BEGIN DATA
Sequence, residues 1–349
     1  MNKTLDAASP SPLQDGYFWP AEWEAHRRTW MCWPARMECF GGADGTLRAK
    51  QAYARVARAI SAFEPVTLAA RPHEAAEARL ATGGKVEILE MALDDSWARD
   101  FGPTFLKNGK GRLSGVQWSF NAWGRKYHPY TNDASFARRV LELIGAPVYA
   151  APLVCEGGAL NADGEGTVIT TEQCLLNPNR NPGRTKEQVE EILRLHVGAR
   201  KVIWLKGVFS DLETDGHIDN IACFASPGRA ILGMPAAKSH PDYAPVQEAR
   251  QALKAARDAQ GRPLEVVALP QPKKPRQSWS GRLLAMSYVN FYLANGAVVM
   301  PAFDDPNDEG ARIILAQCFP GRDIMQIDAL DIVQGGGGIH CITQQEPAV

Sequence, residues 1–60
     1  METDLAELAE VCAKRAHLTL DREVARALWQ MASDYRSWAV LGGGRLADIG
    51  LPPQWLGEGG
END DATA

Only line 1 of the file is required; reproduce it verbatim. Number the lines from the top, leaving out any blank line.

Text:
Sequence, residues 1–349